I whiz them in the blender & then strain them thru the food mill. That removes some of the seeds & skins although the seeds tend to be small and some get thru anyway.

At this point, you can either add them to tomatoes that you are canning or you can reduce them for either juice or further reduce for tomato sauce.

    Bookmark   August 4, 2012 at 8:41AM
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lbpod

I am growing the EXACT same tomatoes as I did last year.
I only used half the pack of seeds last year. I'm growing
Beefsteak, and Early Girl and a Burgundy Hybrid. Last
year, most of my mayters were fist-sized, or larger.
This year all of them are not much bigger than a golf ball,
(the size of hail). Wass uhhh with that?

    Bookmark   August 4, 2012 at 12:24PM
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azzalea

I think one of the best uses is to make dried tomatoes.

Halve cherry tomatoes, seed (you can do that with a teaspoon, scooping the seeds out with the tip of it), toss with a little olive oil, S&P, oregano, mashed garlic and a touch of brown sugar. Lay on parchment covered cookie sheets in the oven, skin side down. Roast at 200-300 degrees until tomatoes are dried to your liking. Pop into ziplock bags and use throughout the year in place of (very expensive) sun-dried tomatoes.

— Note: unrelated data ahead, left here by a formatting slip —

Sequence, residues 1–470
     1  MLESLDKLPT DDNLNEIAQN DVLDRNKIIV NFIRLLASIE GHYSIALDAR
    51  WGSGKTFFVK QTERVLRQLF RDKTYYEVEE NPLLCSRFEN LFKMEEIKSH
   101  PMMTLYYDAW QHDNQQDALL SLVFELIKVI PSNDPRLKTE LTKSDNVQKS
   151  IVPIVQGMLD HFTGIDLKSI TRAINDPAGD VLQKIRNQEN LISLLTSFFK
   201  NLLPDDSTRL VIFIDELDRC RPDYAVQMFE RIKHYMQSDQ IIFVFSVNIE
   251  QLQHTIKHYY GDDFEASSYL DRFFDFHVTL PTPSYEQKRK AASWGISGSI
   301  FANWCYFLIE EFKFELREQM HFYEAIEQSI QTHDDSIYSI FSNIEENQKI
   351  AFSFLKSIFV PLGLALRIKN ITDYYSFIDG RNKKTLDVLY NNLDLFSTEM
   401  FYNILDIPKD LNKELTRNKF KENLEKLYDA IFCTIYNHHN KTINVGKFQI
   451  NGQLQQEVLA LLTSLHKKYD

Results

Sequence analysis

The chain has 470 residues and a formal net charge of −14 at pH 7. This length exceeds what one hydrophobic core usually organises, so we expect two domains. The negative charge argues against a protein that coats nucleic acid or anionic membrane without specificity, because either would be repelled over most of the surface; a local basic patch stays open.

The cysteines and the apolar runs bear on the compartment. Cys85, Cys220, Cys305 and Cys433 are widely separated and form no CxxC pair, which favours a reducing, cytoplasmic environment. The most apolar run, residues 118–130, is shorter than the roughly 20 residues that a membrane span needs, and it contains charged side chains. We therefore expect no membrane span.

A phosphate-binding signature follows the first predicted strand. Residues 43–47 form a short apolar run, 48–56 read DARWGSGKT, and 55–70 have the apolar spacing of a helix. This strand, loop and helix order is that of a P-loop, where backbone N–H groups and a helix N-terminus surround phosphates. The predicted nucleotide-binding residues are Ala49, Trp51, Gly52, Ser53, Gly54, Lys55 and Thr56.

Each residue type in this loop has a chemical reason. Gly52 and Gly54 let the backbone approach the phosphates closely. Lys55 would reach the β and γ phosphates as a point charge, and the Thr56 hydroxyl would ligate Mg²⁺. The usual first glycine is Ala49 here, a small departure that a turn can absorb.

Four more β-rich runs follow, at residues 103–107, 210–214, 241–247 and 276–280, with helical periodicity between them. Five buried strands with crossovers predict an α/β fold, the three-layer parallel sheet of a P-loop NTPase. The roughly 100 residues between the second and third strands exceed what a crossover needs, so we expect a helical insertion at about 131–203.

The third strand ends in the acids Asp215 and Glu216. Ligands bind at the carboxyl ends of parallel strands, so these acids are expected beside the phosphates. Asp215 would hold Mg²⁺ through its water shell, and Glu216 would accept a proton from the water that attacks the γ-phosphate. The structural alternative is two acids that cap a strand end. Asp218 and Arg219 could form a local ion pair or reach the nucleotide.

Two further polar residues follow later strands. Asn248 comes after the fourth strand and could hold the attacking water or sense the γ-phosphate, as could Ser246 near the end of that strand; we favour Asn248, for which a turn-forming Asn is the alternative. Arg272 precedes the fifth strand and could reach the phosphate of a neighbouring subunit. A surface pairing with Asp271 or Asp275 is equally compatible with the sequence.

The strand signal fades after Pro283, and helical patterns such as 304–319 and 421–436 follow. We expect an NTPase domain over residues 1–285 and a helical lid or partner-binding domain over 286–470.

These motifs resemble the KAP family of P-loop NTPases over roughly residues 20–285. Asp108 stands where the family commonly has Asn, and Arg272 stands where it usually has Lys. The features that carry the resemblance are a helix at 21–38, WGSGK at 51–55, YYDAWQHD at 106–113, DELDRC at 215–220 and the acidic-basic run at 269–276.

Bookmark   August 4, 2012 at 12:54PM
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jude31

Coconut, I think I'll follow your suggestion of cooking them down and bagging them....although I'm short on freezer space. Putting more in and taking nothing out, it seems. I don't want to get the pressure canner out again, so whatever I do I'll keep that in mind. If our late tomatoes do any good I'll be in the same fix again but more often than not they don't bear as well.

Thing is, we're two very mature adults and can only use so much.-)

I have a recipe I'll post that will use 2 cups of my cherry tomatoes and it is delicious. I think I posted it on new recipes or something earlier in the season.

Corn Relish/Salad

1/4 C. white wine venegar
1 1/2 T. sugar
a little EVOO
S&P to taste

Add:
2 C. grape/cherry tomatoes, halved
2 ears fresh corn kernels
1/2 C. slivered/chopped red onion
2 T. minced parsley
1 T. chopped chives
1 T. thinly sliced basil

Toss to mix.

The first time I made this I used cherry tomatoes from the grocery and it was still good.

I appreciate all your suggestions.

jude

    Bookmark   August 4, 2012 at 1:39PM
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lpinkmountain